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Greensboro has a very important place on the map of the civil rights movement in United States. It is here where the era of sit-ins at places that followed segregated attitudes or policies being this an important component of the movement in the sixties was inaugurated. To have a more comprehensive idea of the event and how it relates to Greensboro history, you can take a look at the following books:
Civilities and Civil Rights: Greensboro, North Carolina, and the Black Struggle for Freedom by William H. Chafe.
Greensboro North Carolina, Otis L. Hairston Jr., a native Greensboro photographer, chronicles with photographs not only the February 1st event that initiated nation wide sit ins but also the Black American history of the area.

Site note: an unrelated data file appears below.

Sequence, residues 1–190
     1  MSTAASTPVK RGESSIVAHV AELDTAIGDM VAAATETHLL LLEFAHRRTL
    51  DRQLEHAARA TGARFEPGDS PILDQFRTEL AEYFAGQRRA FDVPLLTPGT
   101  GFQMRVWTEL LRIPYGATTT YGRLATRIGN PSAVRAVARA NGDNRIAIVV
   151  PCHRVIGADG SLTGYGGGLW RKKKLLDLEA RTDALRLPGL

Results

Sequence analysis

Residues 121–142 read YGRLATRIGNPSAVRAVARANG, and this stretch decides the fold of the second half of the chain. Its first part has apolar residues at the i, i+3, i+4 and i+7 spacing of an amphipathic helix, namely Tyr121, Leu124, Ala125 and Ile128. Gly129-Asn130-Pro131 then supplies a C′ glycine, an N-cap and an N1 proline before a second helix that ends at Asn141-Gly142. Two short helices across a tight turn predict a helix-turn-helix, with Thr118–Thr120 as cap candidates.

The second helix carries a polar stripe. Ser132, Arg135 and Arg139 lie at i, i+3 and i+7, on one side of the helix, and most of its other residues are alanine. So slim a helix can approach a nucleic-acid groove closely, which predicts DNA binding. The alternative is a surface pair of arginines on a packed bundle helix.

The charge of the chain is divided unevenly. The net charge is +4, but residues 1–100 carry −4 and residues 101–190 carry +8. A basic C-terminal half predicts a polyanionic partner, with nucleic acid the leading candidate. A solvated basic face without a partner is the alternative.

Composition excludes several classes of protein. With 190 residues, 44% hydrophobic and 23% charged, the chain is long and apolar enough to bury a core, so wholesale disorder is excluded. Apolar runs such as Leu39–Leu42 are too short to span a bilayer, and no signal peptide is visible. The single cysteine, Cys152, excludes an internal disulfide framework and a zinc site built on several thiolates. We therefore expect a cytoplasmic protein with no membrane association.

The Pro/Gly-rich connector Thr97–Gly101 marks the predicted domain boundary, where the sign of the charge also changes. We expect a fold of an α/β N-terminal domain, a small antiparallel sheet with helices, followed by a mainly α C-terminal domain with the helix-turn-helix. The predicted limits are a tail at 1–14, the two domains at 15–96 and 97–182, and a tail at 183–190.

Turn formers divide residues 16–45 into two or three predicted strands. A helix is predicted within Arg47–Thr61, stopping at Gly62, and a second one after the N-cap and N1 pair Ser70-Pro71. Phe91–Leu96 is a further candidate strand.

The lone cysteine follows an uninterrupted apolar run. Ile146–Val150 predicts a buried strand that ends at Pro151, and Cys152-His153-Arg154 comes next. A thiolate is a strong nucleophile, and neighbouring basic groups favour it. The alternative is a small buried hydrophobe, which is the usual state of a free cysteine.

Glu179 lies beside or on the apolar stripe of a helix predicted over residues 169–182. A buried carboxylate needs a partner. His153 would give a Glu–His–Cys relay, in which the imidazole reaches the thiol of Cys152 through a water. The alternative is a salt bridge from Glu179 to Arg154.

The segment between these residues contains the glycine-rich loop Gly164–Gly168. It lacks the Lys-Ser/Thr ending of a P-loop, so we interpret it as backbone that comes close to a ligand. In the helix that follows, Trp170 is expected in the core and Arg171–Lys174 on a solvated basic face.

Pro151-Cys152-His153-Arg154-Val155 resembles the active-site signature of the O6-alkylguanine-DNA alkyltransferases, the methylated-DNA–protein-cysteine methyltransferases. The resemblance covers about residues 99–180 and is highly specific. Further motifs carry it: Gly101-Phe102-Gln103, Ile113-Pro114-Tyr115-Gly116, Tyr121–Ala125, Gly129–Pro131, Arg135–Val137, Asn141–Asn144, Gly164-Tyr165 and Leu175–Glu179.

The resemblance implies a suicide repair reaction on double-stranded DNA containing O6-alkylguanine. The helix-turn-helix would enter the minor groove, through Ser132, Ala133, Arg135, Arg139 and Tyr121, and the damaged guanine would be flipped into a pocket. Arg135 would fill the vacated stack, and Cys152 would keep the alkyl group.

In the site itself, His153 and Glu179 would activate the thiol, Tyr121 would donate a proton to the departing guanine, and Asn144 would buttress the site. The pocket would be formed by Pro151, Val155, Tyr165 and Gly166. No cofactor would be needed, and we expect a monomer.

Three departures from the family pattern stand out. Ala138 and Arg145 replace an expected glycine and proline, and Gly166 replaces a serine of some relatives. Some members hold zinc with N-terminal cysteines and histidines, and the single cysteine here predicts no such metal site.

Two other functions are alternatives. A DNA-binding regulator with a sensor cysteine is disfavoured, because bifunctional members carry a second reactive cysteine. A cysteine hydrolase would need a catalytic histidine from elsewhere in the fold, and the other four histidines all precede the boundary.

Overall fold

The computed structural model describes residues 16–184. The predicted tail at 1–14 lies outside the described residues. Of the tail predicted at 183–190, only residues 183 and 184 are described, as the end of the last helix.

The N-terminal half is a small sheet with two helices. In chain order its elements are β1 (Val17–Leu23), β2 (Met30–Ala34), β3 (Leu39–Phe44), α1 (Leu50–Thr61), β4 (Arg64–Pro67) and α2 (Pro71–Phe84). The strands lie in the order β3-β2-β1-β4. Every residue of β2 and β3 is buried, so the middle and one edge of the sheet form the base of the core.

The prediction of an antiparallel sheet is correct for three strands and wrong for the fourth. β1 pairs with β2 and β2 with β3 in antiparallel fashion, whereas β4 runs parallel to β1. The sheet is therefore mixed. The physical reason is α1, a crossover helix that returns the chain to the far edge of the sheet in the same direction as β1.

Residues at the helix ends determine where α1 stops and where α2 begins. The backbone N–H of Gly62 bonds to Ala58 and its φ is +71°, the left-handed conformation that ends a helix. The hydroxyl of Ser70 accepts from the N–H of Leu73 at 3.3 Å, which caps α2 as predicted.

- For a more historical approach to Greensboro history, read
North Carolina: A History by William Powell.
- If you are interested in a fictionalized approach to the matter, Robert Gingher brought together a group of prestigious writers that succeed in giving an identity to Southern literature.
The Rough Road Home: Stories by North Carolina Writers shows the reader that North Carolina writers embrace their contradictions as writers and as a multicultural community.